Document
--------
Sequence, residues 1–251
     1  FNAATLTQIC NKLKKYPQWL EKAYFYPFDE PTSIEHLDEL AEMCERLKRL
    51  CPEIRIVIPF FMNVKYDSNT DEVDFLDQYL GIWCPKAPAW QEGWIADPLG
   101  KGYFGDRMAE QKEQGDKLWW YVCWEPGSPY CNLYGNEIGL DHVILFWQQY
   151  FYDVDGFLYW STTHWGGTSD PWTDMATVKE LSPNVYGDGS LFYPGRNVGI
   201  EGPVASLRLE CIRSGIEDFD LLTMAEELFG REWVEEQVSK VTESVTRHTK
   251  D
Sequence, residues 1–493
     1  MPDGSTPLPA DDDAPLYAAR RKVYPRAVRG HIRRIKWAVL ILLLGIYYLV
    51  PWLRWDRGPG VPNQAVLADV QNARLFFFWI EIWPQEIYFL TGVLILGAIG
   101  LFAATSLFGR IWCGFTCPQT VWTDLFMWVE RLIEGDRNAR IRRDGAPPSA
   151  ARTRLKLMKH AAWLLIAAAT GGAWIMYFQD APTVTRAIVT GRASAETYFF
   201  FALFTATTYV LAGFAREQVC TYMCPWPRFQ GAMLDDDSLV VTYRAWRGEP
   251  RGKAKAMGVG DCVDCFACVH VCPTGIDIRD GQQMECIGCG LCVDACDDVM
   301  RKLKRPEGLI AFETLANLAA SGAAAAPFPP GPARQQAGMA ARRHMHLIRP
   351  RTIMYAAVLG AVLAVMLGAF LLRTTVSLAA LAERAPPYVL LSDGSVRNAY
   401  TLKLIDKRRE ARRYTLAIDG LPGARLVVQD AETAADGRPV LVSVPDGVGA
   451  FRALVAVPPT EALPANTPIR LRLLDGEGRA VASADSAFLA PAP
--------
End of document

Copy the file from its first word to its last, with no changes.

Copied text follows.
Sequence, residues 1–251
     1  FNAATLTQIC NKLKKYPQWL EKAYFYPFDE PTSIEHLDEL AEMCERLKRL
    51  CPEIRIVIPF FMNVKYDSNT DEVDFLDQYL GIWCPKAPAW QEGWIADPLG
   101  KGYFGDRMAE QKEQGDKLWW YVCWEPGSPY CNLYGNEIGL DHVILFWQQY
   151  FYDVDGFLYW STTHWGGTSD PWTDMATVKE LSPNVYGDGS LFYPGRNVGI
   201  EGPVASLRLE CIRSGIEDFD LLTMAEELFG REWVEEQVSK VTESVTRHTK
   251  D
Sequence, residues 1–493
     1  MPDGSTPLPA DDDAPLYAAR RKVYPRAVRG HIRRIKWAVL ILLLGIYYLV
    51  PWLRWDRGPG VPNQAVLADV QNARLFFFWI EIWPQEIYFL TGVLILGAIG
   101  LFAATSLFGR IWCGFTCPQT VWTDLFMWVE RLIEGDRNAR IRRDGAPPSA
   151  ARTRLKLMKH AAWLLIAAAT GGAWIMYFQD APTVTRAIVT GRASAETYFF
   201  FALFTATTYV LAGFAREQVC TYMCPWPRFQ GAMLDDDSLV VTYRAWRGEP
   251  RGKAKAMGVG DCVDCFACVH VCPTGIDIRD GQQMECIGCG LCVDACDDVM
   301  RKLKRPEGLI AFETLANLAA SGAAAAPFPP GPARQQAGMA ARRHMHLIRP
   351  RTIMYAAVLG AVLAVMLGAF LLRTTVSLAA LAERAPPYVL LSDGSVRNAY
   401  TLKLIDKRRE ARRYTLAIDG LPGARLVVQD AETAADGRPV LVSVPDGVGA
   451  FRALVAVPPT EALPANTPIR LRLLDGEGRA VASADSAFLA PAP